Why does a business need to know about discrimination laws?
The Equality Act 2010 has the purpose of ensuring that individuals with a protected characteristic are not subjected to detrimental or unfavourable treatment in the course of their employment or during their engagement with services provided by businesses and organisations.
There are nine characteristics protected under the act, as follows:
- Sexual orientation
- Gender reassignment
- Religion or belief
- Marriage / civil partnership
- Pregnancy and maternity
The law covers all aspects of service provision and employment, including: how you operate your recruitment process, internal and external promotions, pay and benefits, and grounds for termination of employment.
What are the legal consequences of discrimination? What happens if a business doesn’t comply?
If a business or organisation is accused of discrimination or a claim is brought and found to be successful by a court or tribunal, there are a number of penalties (both monetary and non-monetary) which the business could be subjected to. These include significant compensatory financial awards, injunctions compelling action to be taken by the business to rectify the matter and prevent such occurring in the future and declarations of discrimination.
The mere issue of a claim in the tribunal or County Court will inevitably prove expensive for a business to attempt to defend through litigation and create negative external publicity, in turn causing decreased staff productivity and/or morale.
As a business, legal expense insurance policies may not cover the defence of discrimination claims and / or the payment of any compensatory awards and therefore it is important that action is taken quickly, to obtain specialist advice and assistance in addressing any complaints or claims received at the earliest opportunity in order to avoid the negative effects and costs of proceedings ensuing to trial.
How can a business avoid complaints of discrimination or legal action?
There are a number of ways in which a business can take action to limit the risk that their practises or policies could be discriminatory. These include:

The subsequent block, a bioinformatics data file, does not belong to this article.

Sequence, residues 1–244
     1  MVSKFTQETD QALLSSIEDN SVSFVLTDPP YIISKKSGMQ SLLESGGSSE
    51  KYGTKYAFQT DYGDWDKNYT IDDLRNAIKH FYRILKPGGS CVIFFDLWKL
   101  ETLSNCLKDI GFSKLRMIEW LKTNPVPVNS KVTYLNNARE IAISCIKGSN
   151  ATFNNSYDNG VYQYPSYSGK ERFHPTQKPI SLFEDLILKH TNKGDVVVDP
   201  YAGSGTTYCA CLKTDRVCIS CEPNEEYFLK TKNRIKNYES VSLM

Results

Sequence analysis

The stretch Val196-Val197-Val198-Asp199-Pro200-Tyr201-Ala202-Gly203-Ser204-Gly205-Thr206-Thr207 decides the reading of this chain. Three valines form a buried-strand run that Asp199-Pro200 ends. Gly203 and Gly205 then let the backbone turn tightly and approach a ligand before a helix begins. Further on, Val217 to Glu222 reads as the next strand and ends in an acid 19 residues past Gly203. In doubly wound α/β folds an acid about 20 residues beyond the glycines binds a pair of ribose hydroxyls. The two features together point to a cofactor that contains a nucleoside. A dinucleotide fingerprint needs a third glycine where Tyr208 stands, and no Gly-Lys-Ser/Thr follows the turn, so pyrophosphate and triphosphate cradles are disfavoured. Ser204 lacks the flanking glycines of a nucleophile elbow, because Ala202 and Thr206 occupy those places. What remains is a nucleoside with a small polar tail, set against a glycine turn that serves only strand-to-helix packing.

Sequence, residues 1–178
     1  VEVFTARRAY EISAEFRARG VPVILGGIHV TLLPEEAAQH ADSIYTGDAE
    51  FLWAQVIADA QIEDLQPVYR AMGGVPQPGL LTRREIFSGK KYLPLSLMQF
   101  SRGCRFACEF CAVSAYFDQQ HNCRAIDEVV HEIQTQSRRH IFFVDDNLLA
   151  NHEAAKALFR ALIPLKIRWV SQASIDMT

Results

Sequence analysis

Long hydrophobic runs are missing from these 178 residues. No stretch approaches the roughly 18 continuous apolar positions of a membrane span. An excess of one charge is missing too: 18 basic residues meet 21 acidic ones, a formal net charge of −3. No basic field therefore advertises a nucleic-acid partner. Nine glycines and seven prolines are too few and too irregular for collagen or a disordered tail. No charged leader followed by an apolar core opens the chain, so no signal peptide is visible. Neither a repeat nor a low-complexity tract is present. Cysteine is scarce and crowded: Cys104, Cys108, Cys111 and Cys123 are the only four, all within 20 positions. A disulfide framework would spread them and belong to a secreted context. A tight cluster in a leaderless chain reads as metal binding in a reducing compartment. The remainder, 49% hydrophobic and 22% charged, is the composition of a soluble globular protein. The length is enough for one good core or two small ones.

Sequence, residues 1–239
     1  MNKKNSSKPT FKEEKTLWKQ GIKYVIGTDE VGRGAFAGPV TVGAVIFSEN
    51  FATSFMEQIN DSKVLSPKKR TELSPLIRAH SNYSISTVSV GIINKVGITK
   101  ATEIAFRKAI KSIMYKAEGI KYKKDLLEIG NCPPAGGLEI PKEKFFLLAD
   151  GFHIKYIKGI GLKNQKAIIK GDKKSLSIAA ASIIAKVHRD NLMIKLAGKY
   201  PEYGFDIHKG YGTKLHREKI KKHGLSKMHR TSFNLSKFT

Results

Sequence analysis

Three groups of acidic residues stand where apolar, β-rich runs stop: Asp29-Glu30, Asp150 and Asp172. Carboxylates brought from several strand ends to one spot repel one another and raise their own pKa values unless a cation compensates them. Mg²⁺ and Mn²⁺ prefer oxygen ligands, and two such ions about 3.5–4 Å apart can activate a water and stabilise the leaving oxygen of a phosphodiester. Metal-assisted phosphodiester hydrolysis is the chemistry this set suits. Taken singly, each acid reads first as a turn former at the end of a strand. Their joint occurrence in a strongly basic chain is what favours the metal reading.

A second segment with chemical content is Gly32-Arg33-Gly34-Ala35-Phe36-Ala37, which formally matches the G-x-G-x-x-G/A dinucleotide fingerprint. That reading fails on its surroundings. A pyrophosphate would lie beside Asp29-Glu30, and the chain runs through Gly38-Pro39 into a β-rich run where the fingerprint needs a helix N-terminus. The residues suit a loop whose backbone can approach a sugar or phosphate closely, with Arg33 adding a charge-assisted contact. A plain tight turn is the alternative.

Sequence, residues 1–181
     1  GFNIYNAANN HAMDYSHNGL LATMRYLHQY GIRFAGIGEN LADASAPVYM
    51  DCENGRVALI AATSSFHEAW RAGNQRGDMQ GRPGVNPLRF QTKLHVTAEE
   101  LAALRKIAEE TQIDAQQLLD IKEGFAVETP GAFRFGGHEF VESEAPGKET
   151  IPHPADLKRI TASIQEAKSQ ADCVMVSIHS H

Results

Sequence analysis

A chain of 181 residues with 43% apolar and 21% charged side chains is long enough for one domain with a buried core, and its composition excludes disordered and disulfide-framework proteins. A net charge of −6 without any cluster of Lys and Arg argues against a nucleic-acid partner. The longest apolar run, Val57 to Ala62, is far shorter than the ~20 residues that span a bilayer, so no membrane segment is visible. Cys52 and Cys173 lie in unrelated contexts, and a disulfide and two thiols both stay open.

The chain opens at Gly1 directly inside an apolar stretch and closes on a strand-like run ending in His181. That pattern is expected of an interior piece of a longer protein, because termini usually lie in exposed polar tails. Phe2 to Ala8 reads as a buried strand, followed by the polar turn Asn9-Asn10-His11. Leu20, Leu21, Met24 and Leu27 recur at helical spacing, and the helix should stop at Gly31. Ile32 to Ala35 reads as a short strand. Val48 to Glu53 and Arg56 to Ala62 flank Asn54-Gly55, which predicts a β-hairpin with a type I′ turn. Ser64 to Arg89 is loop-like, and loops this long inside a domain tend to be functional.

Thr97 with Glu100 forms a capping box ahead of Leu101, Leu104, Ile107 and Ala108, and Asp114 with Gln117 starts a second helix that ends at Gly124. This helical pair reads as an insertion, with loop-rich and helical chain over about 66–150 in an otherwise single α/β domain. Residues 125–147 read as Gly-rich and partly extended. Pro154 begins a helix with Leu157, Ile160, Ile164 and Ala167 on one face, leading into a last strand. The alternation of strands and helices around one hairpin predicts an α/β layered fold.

- Ensuring that the business has an equality and diversity policy, which will promote diversity and inclusion in the workplace and the course of the business’ activity.
- Delivering equality and diversity training and ensuring that regular refresher training is provided to all employees.
- Establishing and communicating clear policies on how concerns and complaints can be raised by employees and service users, and how they are to be dealt with.
- Ensuring that employment contracts and any other terms of service within the organisation comply with the law.
Early intervention and assistance in taking such action, by a specialist solicitor is crucial. Stephensons, is one of the few firms in the country that has a dedicated discrimination law team handling defence of civil discrimination claims.
Discrimination claims can cause not only significant financial damage to an organisation, they can also damage a business’ brand and reputation with cases being reported in the media. For these reasons, many claims should be addressed and potentially brought to conclusion before they go to court.
At every stage we can provide guidance and support on what is the best course of action to take whether preventative or in response to a complaint or claim and ultimately any potential defence for your organisation under a range of fixed fee and hourly charge fee arrangements.
For a no obligation discussion with our specialist discrimination defence solicitors. Call us now on 0161 696 6170.